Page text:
Some good ideas that I’d love to see implemented. (I would do them, if I were more of a hacker and had time to spare. Let me know if you’re interested in helping make any of these work!)
See a list of ideas by many people at http://hackathonprojects.tk/
These wikis are designed to help learners navigate new subjects.
And another one:
Program an AI for Hanabi. Have it follow the conventions and use human style deductive reasoning (imagining how the next turns will unfold and using that to update its play). Unlike other games this kind of deductive reasoning would actually help (rather than just doing something like minimax). See http://boardgamegeek.com/thread/939952/hanabi-style-game-online-play and https://github.com/Quuxplusone/Hanabi.
Program a 2-D adventure game engine in Elm, and then build games on top of it. (Start with a clone of something, ex. BlockWorld.) The functional style makes it easy to specify the behavior of different actors. Make it Turing-complete (cf. Minecraft, Dwarf Fortress). Add a premise/story (ex. Nell’s story in The Diamond Age). See https://github.com/holdenlee/elm.
Formalize “problem-solving” type problems (e.g. Engel) in Coq, and write an automated theorem prover in Gallina to try and solve those problems.
Create a (natural) language based on functional programming that “type-checks” and actually implement it in a programming language. (How can we build a parser if the sentences aren’t perfect grammar? Check nearby possibilities?)
Build a Penultima server which allows users to submit their own rules for pieces by writing functions (e.g. Actor -> Location -> Maybe Board, i.e., given an actor and a location for it to move to, return Nothing if it is invalid and return the resulting board otherwise). For a game, the site chooses a random submitted rule for each of the pieces. Rules can be upvoted and downvoted (so they will appear more/less common). The site keeps track of which users have played with which rules to prevent repeats. (At the minimum allow standard fairy chess piece moves http://en.wikipedia.org/wiki/Fairy_chess_piece. For an implementation of a game in Haskell that also allows rule changes, see Nomyx http://www.nomyx.net/.
Backchannel for online lectures – A simple customizable interface that has a video (possibly from YouTube) on one side and a list of questions and comments that people have about the video on the other side. At any time, a watcher can pause the video and type a question or comment, and it will be arranged chronologically in the document, with the video’s time stamp. People can upvote and downvote questions and comments. –This is a vast improvement over online lectures with no interactivity, and addresses several concerns over the “online lecture”-ification of classes as well as flipped classrooms: specifically, students cannot ask questions in real-time, and hence there is no personalization of the lecture, and no ability to go on interesting tangents. However, neither does in-person lecture accomplish this completely because there are too many people and one instructor. Now students get to ask ALL their questions, in a time-specific manner, and a teacher can address them during class (or by commenting on the questions). This also provides the instructor with very specific feedback to improve the online lecture. –Maybe some online courses already have this feature. (Does EdX do this? If this is an immediate improvement.) I imagine that someone could turn a YouTube video into a commentable video in this sense just by dropping a YouTube link at the website, possibly setting a password for students. This immediately makes the existing wealth of educational videos available vastly more powerful.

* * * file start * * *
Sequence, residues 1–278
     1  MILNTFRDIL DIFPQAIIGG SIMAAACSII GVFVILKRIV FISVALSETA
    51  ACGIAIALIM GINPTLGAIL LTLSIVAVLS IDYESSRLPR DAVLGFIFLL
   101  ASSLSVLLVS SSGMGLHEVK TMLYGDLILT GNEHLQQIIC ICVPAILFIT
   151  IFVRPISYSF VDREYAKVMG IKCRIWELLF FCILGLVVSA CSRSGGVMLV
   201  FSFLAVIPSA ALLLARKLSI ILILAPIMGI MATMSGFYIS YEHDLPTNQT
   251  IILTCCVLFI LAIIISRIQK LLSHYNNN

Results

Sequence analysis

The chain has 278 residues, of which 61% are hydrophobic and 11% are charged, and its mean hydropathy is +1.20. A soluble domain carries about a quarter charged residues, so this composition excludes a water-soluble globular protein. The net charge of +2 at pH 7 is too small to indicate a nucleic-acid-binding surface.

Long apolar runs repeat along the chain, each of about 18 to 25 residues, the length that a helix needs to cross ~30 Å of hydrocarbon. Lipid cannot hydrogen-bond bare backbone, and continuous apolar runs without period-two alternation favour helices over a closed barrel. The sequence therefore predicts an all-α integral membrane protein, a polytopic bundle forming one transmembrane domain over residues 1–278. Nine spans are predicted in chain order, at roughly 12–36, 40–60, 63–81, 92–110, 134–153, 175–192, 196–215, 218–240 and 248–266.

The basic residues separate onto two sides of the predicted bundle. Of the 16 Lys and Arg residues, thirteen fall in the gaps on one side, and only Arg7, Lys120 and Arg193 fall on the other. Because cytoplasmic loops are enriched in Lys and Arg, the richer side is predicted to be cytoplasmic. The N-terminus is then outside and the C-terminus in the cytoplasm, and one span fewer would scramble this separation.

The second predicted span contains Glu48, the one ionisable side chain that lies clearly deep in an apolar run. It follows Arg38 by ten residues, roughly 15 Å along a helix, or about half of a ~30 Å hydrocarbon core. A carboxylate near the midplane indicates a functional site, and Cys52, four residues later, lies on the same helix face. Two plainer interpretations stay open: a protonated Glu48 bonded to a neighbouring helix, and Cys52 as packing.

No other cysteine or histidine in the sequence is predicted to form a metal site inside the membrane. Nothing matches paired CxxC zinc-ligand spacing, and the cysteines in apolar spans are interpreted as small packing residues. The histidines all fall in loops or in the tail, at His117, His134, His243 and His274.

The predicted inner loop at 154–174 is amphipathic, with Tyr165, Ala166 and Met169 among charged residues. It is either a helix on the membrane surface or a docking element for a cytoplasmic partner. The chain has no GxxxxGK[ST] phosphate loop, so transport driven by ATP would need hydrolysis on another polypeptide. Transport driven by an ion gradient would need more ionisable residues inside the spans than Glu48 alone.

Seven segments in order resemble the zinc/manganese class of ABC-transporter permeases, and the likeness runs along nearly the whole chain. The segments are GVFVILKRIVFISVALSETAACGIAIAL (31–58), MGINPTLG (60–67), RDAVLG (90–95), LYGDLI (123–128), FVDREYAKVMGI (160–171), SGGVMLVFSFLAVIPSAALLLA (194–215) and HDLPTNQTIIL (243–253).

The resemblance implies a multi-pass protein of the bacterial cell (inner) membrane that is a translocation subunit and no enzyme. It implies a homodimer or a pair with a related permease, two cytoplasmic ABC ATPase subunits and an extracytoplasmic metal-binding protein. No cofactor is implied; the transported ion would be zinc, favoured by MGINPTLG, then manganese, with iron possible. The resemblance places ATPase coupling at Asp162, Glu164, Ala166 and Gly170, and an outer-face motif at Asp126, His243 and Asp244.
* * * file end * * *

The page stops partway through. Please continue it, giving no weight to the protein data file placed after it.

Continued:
I imagine this extending to other media besides videos. What if we did the same for every major textbook, ordered by page number? Reading a textbook no longer has to be a very independent activity; you could be connected to the corpus of all questions and ideas that other people have had while reading the textbook. A reading group’s best friend!
(And what if we could make the comments/questions not linear, but graph-like?) 1.education <-> Piazza <-> TodaysMeet <-> Concrete Mathematics, Graham, Patashnik, Knuth (one of my favorite math books; they incorporated class comments into the margins of their textbook)